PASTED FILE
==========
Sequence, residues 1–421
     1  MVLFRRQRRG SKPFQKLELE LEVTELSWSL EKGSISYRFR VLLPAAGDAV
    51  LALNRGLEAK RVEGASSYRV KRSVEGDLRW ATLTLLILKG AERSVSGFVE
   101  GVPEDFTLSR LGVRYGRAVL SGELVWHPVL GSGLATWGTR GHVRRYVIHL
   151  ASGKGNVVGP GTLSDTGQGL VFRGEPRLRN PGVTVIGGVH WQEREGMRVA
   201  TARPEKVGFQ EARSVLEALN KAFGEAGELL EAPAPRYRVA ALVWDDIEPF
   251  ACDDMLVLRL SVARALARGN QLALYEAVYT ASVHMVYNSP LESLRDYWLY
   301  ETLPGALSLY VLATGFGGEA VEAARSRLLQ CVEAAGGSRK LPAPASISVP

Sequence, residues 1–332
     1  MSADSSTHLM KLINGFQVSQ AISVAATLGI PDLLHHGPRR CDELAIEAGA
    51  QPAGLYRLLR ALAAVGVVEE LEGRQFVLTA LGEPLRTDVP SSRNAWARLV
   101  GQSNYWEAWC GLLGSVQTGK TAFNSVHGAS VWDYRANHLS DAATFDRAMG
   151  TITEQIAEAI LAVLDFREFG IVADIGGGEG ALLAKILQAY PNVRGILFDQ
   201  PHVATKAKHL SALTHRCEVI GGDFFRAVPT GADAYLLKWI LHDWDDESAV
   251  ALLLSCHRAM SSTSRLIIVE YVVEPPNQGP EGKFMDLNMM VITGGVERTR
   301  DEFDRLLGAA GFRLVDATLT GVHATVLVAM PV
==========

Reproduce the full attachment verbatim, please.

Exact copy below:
Sequence, residues 1–421
     1  MVLFRRQRRG SKPFQKLELE LEVTELSWSL EKGSISYRFR VLLPAAGDAV
    51  LALNRGLEAK RVEGASSYRV KRSVEGDLRW ATLTLLILKG AERSVSGFVE
   101  GVPEDFTLSR LGVRYGRAVL SGELVWHPVL GSGLATWGTR GHVRRYVIHL
   151  ASGKGNVVGP GTLSDTGQGL VFRGEPRLRN PGVTVIGGVH WQEREGMRVA
   201  TARPEKVGFQ EARSVLEALN KAFGEAGELL EAPAPRYRVA ALVWDDIEPF
   251  ACDDMLVLRL SVARALARGN QLALYEAVYT ASVHMVYNSP LESLRDYWLY
   301  ETLPGALSLY VLATGFGGEA VEAARSRLLQ CVEAAGGSRK LPAPASISVP

Sequence, residues 1–332
     1  MSADSSTHLM KLINGFQVSQ AISVAATLGI PDLLHHGPRR CDELAIEAGA
    51  QPAGLYRLLR ALAAVGVVEE LEGRQFVLTA LGEPLRTDVP SSRNAWARLV
   101  GQSNYWEAWC GLLGSVQTGK TAFNSVHGAS VWDYRANHLS DAATFDRAMG
   151  TITEQIAEAI LAVLDFREFG IVADIGGGEG ALLAKILQAY PNVRGILFDQ
   201  PHVATKAKHL SALTHRCEVI GGDFFRAVPT GADAYLLKWI LHDWDDESAV
   251  ALLLSCHRAM SSTSRLIIVE YVVEPPNQGP EGKFMDLNMM VITGGVERTR
   301  DEFDRLLGAA GFRLVDATLT GVHATVLVAM PV